Furthermore, ‘there is no death, only a change of world’ is nicely demonstrated in the ‘second-life’ that the recycled T-shirts now enjoy as part of a collaborative work of art. Weaving this Duwamish philosophy with the curves and strokes of Arabic calligraphy brings to light the environmental principles that are present, yet oft forgotten, in Islamic sources.

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Islamic Arts Festival – Sharjah – UAE

1 wall, 20 spraypaint cans, 602 nails and 268 meters of string later…

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Calligraffiti at the Museum of Islamic Art – Doha – Qatar

When I was first contacted by the Museum of Islamic Art, I was surprised that such an institution would be interested in graffiti, and at the same time, honoured that my work had caught their attention.

During one week I conducted a series of workshops with students from neighbouring schools. The purpose of each workshop was to introduce Calligraffiti to youth who either have or have no previous experience with the art process. They learnt various spray paint techniques, graffiti designs and lettering. The desired outcome of these workshops was to instill feelings of artistic agency and pride in realizing large-scale masterpieces in a group environment.

As the week came to a close, I felt that the Museum was striving to both carry the traditions of Islamic Art and keep a vision oriented toward the future. The success of this amazing experience would not have been possible without the dedication of several Museum employees: I would like to personally thank Amel and Deena, the team of the MIA, and all the participants.

Enjoy the  rest of the pictures here.

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My Name is Palestine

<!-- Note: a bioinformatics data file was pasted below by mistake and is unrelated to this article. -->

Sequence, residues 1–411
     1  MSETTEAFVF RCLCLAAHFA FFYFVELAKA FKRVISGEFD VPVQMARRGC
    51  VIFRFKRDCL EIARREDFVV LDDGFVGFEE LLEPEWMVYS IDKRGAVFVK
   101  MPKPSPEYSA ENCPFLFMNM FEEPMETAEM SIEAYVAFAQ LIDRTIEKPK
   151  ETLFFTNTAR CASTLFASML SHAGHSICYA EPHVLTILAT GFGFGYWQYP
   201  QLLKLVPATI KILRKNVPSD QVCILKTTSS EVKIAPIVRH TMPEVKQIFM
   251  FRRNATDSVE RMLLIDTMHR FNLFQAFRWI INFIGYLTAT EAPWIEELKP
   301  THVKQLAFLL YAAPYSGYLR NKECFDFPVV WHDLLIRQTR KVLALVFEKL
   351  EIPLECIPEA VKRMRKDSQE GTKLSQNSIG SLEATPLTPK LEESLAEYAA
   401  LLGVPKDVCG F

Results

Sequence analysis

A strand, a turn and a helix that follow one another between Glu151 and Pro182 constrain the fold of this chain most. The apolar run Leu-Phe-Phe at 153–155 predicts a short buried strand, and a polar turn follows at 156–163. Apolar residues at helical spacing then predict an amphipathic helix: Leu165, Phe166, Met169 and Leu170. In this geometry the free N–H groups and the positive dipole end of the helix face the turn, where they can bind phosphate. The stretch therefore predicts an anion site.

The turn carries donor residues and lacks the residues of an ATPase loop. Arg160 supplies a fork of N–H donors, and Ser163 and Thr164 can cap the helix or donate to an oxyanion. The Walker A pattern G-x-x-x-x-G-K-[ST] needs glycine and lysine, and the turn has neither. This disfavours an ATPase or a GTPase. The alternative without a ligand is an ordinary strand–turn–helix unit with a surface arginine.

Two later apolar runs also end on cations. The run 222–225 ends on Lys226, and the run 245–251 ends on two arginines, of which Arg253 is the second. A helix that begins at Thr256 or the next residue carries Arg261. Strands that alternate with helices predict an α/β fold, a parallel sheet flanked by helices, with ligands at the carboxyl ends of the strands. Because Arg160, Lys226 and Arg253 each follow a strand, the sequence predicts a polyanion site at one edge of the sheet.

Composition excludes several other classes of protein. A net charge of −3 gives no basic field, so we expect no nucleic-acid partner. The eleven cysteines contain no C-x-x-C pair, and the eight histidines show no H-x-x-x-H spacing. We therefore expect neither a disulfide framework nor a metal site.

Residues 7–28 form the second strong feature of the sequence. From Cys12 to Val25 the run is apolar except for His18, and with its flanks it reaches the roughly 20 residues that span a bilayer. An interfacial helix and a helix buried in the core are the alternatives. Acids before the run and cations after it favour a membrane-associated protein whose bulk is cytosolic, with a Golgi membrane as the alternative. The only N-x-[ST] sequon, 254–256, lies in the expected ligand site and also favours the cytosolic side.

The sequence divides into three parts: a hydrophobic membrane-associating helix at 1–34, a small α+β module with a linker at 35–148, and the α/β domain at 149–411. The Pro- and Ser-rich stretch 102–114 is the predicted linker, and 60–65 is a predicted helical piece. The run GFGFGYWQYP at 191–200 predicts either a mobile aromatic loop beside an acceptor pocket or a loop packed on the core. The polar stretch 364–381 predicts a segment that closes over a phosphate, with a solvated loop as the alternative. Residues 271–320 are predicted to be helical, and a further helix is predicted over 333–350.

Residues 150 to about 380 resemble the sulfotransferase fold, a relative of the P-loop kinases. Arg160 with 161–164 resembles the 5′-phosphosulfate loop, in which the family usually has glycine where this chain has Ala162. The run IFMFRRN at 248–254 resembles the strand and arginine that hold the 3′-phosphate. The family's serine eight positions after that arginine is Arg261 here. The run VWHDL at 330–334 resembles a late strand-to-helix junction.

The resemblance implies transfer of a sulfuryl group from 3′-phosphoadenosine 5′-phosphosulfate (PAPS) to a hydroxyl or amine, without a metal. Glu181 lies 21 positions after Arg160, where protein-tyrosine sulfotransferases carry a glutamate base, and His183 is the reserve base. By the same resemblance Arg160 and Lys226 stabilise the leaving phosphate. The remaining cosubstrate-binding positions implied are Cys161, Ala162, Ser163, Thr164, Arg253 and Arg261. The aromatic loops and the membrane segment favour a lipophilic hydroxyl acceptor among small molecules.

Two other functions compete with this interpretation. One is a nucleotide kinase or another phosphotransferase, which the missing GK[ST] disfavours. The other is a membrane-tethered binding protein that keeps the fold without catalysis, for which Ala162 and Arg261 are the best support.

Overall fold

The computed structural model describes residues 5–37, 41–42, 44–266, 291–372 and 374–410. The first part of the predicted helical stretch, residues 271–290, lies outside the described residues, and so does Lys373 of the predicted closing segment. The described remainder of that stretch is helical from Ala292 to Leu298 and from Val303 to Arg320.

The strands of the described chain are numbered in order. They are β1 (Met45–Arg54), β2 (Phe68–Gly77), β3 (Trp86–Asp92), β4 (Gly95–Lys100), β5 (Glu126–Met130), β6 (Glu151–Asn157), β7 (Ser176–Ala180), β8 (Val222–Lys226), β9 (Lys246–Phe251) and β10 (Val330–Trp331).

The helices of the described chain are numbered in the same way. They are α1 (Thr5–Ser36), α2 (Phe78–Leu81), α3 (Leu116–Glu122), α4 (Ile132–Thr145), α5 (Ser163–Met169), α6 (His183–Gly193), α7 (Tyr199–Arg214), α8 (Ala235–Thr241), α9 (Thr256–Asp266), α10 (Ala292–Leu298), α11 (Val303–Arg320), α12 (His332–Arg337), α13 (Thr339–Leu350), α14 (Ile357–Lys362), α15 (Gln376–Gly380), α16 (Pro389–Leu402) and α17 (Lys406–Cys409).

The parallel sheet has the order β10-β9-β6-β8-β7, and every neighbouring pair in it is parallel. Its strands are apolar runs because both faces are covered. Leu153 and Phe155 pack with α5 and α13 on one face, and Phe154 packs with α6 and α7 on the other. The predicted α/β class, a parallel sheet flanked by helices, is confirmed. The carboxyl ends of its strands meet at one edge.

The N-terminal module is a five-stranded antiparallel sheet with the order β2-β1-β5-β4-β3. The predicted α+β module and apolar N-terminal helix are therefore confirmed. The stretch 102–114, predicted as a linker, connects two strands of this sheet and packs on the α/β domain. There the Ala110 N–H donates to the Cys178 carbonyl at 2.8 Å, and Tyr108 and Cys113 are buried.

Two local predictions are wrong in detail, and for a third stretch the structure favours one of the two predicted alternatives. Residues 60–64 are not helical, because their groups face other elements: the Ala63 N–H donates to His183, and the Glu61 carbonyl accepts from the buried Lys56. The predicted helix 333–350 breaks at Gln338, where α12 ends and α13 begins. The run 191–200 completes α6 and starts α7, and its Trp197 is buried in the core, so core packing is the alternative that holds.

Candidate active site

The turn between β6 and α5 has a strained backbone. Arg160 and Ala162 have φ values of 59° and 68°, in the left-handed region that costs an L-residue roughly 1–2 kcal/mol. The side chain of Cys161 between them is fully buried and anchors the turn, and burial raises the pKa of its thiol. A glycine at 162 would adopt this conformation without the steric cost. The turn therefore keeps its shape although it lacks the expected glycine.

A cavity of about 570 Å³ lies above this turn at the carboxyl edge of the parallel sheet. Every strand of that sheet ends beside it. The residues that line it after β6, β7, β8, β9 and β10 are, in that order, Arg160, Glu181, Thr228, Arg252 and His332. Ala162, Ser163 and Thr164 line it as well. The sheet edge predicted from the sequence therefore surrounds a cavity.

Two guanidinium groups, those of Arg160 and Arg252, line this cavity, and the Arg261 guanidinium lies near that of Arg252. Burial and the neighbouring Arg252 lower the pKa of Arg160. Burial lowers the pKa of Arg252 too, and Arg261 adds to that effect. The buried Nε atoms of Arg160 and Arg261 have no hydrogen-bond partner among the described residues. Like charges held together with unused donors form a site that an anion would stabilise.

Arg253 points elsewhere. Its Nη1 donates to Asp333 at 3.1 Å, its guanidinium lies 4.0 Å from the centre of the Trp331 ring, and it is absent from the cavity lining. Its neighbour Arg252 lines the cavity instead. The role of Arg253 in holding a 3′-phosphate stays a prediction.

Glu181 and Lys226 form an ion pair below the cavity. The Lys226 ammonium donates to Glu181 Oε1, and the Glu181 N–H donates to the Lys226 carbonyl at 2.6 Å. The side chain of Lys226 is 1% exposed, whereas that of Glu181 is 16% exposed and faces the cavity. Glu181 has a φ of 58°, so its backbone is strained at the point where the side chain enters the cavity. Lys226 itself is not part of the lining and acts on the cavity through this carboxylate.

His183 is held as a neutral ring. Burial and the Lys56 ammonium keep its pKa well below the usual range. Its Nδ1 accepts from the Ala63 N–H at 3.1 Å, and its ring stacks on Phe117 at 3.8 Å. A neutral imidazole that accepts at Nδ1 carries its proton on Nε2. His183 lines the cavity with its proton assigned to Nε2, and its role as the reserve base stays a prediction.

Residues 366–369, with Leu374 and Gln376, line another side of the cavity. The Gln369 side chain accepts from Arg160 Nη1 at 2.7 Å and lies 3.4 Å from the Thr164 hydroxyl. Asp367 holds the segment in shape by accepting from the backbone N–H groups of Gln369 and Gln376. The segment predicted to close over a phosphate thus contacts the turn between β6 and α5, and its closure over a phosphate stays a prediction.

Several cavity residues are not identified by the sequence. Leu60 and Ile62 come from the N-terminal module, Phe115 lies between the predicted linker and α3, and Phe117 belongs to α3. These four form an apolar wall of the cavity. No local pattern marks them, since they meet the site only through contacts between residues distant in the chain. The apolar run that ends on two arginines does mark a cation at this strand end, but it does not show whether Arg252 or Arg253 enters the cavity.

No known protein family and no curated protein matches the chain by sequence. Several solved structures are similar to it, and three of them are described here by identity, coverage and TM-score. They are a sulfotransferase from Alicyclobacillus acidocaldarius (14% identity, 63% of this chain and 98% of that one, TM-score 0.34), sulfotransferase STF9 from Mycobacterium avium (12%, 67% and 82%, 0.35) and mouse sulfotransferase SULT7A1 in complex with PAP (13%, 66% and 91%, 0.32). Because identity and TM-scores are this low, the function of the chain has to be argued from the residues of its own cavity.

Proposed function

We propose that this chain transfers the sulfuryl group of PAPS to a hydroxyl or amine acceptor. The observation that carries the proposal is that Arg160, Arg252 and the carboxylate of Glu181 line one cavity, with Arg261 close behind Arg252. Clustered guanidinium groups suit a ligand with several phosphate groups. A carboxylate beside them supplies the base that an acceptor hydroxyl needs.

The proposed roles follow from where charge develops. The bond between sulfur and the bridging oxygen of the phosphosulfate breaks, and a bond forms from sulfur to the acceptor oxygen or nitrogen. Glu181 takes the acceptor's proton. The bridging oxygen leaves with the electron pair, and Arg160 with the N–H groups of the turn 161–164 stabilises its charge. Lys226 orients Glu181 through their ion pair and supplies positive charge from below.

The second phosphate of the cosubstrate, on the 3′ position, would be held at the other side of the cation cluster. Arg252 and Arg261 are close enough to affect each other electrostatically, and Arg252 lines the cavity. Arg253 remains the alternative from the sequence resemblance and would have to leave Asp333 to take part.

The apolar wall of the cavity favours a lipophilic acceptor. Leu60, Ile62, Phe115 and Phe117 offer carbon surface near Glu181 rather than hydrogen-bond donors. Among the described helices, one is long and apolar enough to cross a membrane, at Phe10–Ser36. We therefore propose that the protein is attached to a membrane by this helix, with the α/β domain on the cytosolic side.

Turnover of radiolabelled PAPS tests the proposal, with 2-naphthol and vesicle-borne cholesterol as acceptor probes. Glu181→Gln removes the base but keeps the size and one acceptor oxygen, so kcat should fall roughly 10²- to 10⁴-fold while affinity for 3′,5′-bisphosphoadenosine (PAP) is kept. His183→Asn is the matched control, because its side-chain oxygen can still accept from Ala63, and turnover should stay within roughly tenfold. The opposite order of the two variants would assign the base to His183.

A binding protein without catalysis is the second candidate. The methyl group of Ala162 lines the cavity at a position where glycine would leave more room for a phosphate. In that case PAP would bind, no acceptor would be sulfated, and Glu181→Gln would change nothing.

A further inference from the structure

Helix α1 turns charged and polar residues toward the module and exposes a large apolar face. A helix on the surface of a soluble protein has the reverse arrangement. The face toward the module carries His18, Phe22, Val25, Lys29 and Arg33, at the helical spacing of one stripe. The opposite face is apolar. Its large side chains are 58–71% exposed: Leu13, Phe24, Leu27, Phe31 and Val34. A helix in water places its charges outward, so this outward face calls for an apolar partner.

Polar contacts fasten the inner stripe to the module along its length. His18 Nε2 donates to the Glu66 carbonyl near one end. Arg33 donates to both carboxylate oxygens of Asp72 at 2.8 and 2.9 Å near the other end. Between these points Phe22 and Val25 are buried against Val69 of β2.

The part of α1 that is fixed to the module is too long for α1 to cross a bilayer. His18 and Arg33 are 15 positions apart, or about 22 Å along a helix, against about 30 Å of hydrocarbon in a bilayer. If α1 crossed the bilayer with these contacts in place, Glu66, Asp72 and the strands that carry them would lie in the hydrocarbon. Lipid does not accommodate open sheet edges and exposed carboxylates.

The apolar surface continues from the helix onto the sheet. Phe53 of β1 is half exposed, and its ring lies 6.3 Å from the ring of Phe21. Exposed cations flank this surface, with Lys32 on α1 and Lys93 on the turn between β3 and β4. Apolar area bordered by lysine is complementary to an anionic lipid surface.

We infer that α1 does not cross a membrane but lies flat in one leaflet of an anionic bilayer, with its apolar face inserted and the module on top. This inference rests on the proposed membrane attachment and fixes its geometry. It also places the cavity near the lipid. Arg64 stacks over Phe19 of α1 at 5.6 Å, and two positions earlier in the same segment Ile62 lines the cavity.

The olive tree: at once a symbol of peace throughout the mediterranean and an embodiment of identity deeply entranched in Palestinian culture. The olive tree is also the foundation for the economic activity and development in Palestine. Planting an olive tree, therefore, is both expressing a desire for peace and also a desire to protect lands from dispossession and ruin.

The scattered pockets of color which compose this mural are but a symbol of a culture, an identity, which is itself disjointed and in fragments. In contrast, the phrase ‘My name is Palestine’ affirms the existence of this identity. Naming is one manner through which to assert the presence of a people, a history, and a culture.

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Eid Mubarak…in a Graffiti way

I would like to wish you a happy Eid in a Graffiti way.
For those who don’t celebrate it, just enjoy the video.
Peace
eL Seed

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Dharhan Summer Festival – Saudi Arabia

My experience in Saudi Arabia began with a very warm welcome. I was asked to produce an individual mural in four/five days but I ended up working with a brilliant crowd of Saudi and Bahreini graffiti artists instead – we collaborated in the production of a massive wall.

Both the welcoming atmosphere and the energy created with the other artists dispelled any of my misconceptions about Saudi Arabian culture. I was extremely impressed by the quality and precision of the artists, and their dedication to the tradition of graffiti was inspiring. I was also very happy to see that girls were involved in the graffiti art scene. They displayed just as much dedication and talent in their art despite, or in spite of, the unorthodoxy of spray painting in a niqab!

Although most of the artists had chosen American-inspired graffiti names, I was excited to feel their desire to work closer to their roots. Arabic graffiti still has so much to offer the world and to see young Arab artists taking on the challenge of mixing modern experiences whilst still anchored in cultural and religious traditions is exhilarating. This trip was very eye-opening and I did not expect to leave this project with so much to reflect on and so much positive energy to carry me through to the next adventure.